“Thus great things from small things come.”
In two weeks he’s already grown so much!
We have a new member of our family; a small, boisterous, bundle of black fur with very sharp teeth. This black puppy has completely won our hearts even though there are moments when he resembles a Tasmanian Devil. Maybe we should have called him Taz? However, we didn’t, we called him Drake after Sir Frances Drake, famous corsair/pirate during the reign of Queen Elizabeth l. The patch of fluffy grey fur on his chest looks like a ruff, at a stretch, and we could tell from the start that he was going to be adventurous. Sir Frances’s motto was Sic Parvis Magna, which translates as: “Thus great things from small things come”, which is a nice sentiment. At the rate Drake is growing it seems obvious that it is a very apt literal, as well as metaphorical, portent of things to come. The vet took one look at him when she gave him his first check-over and said she thought he would be around 40k when fully grown. Guido went white and James and I had to lie through our teeth, reassuring him that we were convinced she was wrong and that he would only grow to 30k maximum.
When we brought our two-month-old fluff-ball home in our old Fiat Panda, bouncing him along the back roads through the Valle dell’Inferno (Hell Valley), our intrepid hero curled into a ball on my knee and, after helping Guido change gears a few times with a lick on his wrist, fell fast asleep. He slept happily during his second car journey too so we are hoping he will enjoy travelling as much as the rest of us.
Once home he explored his new garden, did a wee-wee for us and let himself be carried up the steep flights of stairs (3 flights! All the up and down for Pee and Poo patrol is getting me fit again) into the kitchen where he settled down at once. He is very nibbly and at first did not seem to differentiate between hands and toys but he’s beginning to understand the difference now.
Drake has a huge appetite and lets us know very clearly when he is hungry. If he doesn’t have his biscuits nearby, then he will eat anything else that he finds. I spilt some milk the other morning which he lapped up quickly, then he polished the rest of the kitchen floor with his tongue in the hopes of other similarly tasty spots! Guido had strewn a few myrtle berries in a planter on the balcony to see if they would seed. Drake found them and tucked in, as if those bitter little things were doggy chocolates. I threw the rest away as soon as I saw what he was doing and, fingers crossed that they wouldn’t upset his tummy, took him down to the garden to perform. There he unearthed a mouldy Sharon Fruit among the autumn leaves and devoured that too. Fortunately he was only a bit squitty that evening!
He is very intelligent and already knows the commands SIT, PAW, FETCH and STAY. He seems deaf to the command COME when outside, unless you are holding a biscuit at the time … and there is nothing more interesting happening in the garden. He is great about stopping on the landing in the garage to have his paws wiped but hates his collar or harness. He has boundless energy until all of a sudden he drops and falls asleep wherever he is. His favourite sleeping places (apart from the luxurious soft bed that Auntie Sandra brought over for him) are our feet. Sleeping on Mum’s feet is especially good when she is cooking and doesn’t want a pup there in case she spills something hot on him! The best place of all to sleep though is in our arms. Whoever is handy with a lap will be lucky enough to be able to cuddle a sleepy baby and watch as his little eyes struggle to stay open before he finally gives in and with a deep sigh, transforms into the best, sweetest puppy in the world!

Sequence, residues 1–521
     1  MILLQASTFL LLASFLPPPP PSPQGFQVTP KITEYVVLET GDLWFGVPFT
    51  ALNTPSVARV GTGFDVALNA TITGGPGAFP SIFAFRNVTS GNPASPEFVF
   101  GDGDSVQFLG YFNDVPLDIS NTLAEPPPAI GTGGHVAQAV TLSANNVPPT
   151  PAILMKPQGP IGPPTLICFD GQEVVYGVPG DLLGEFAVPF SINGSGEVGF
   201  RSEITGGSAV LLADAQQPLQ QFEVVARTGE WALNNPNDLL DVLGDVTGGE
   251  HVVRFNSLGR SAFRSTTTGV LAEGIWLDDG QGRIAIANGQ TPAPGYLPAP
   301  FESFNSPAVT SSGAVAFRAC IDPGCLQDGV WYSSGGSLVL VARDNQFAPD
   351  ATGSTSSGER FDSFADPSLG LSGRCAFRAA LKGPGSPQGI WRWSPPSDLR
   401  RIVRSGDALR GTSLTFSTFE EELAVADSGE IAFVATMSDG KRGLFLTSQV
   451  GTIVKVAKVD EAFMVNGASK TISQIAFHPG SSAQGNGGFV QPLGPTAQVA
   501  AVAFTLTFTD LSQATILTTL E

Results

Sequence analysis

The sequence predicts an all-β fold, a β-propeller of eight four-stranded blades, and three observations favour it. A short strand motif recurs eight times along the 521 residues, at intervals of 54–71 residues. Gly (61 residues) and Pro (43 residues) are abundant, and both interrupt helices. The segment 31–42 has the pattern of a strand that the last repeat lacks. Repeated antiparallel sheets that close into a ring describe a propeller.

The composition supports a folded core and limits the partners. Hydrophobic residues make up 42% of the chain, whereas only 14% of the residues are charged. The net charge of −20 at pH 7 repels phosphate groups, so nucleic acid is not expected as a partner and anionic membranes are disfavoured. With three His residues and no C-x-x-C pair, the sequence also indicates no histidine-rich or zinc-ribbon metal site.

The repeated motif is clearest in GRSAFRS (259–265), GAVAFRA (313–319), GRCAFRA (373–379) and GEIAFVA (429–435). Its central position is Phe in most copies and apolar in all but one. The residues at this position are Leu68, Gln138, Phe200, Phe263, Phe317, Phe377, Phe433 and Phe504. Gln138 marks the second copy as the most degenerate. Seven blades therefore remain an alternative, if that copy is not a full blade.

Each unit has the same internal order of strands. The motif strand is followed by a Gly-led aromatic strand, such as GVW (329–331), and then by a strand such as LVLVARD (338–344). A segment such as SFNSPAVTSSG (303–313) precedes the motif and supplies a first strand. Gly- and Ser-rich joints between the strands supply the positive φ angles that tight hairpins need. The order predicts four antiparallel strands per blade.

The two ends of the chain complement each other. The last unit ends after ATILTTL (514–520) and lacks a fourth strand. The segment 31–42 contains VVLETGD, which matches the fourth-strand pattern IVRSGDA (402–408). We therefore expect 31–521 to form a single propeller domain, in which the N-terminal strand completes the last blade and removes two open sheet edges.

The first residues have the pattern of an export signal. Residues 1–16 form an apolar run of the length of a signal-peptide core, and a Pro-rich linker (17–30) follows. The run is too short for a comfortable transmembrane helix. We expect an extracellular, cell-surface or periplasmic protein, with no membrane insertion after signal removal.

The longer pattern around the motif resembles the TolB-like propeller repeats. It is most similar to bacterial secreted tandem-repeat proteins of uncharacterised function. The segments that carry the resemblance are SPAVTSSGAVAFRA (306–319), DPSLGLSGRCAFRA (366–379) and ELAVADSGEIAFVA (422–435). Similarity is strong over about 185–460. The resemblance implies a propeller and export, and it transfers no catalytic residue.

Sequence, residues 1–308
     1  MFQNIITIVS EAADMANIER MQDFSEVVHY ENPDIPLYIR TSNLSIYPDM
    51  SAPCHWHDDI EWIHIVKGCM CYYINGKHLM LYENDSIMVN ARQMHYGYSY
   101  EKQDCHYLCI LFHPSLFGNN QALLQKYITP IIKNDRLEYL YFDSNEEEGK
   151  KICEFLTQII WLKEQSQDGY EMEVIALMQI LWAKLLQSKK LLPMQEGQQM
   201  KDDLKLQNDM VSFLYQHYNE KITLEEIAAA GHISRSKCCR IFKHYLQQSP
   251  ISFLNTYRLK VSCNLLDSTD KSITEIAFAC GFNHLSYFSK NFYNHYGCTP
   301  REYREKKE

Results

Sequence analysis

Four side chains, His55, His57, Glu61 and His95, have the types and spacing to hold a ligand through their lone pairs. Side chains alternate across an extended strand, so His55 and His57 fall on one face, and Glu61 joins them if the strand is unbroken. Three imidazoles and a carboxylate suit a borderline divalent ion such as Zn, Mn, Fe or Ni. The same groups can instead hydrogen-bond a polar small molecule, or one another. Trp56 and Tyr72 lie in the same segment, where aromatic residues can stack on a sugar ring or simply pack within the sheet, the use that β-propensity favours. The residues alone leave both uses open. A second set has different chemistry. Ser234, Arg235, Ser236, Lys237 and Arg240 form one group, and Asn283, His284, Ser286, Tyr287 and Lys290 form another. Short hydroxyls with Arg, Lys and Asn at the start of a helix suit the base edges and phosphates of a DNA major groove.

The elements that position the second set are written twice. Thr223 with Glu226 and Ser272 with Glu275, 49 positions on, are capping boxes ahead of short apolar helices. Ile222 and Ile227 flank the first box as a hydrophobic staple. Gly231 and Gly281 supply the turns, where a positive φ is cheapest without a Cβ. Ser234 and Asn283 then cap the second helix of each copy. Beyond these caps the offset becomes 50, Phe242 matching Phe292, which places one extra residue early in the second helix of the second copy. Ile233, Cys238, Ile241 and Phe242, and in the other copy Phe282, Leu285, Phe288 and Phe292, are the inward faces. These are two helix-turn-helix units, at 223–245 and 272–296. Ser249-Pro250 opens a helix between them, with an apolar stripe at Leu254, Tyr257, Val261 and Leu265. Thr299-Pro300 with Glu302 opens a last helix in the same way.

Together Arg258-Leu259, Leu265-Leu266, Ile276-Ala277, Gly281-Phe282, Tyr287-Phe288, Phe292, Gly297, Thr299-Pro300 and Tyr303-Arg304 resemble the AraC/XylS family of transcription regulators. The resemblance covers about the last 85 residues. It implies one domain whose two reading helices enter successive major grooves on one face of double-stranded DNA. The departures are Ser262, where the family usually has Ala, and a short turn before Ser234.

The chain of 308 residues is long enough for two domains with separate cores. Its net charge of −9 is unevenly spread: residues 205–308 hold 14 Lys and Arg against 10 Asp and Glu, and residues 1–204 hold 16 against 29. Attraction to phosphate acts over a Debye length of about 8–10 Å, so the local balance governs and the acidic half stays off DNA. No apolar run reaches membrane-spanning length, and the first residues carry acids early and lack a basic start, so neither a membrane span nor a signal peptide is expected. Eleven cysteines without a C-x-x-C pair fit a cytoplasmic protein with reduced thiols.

Parradog on traffic patrol!
We each have particular games he likes to play with us. With Guido it is “run off with the slipper”. Said slipper is a grey Croc, so it seems he shares his master’s dubious sartorial style! With me he likes to play “fetch” with a soft squeaky toy. Each time he brings it to me he has to climb onto my knee for a cuddle and a chew. James and he play pirates. Either they are taking the look-out watch, Drake perched on the windowsill in James’ arms, watching the traffic rumble by. Or else James holds Drake up on his shoulder (I’d like to see him do that in a few months) like a parrot. We have even coined a new term for this and call Drake a Pappacane or Parradog.
So, call him Taz or Drake or Parradog, all those names suit him well. What I want to call him though is Miracle. His presence in our home has already transformed it into a happier place. We have not laughed so much or felt such family harmony since our darling Stella (our German Shepherd) died. We cannot wait to get up each morning and cuddle him. We are lucky because, after the first night where he was obviously unsure of his new surroundings, he sleeps right through until about 7.30am.
We seem to miss Stella even more now we have another dog around the house.
Life seems brighter somehow. Although nothing has changed outwardly, inside of us this new, rich vein of love is expanding. People who have never had an animal cannot understand what it is like to have the honour of sharing your lives with a creature who offers unconditional love and fills your days with such hope and joy. Even wiping up the inevitable puddles or pretending to be cross at his small misdemeanours are just part of a fun challenge, as we help him learn what is or isn’t acceptable behaviour.
We thought long and hard about getting another dog. They tie you down. They wreck your neat garden and chew your furniture. They (in my case sadly) cause an allergic reaction. They cost money. When we decided to go ahead and bring Drake home it was with the knowledge that we were going to have some difficult moments ahead and that we would have to make some big adjustments to our lives in order to make way for this huge hound.
What a fantastic decision it was.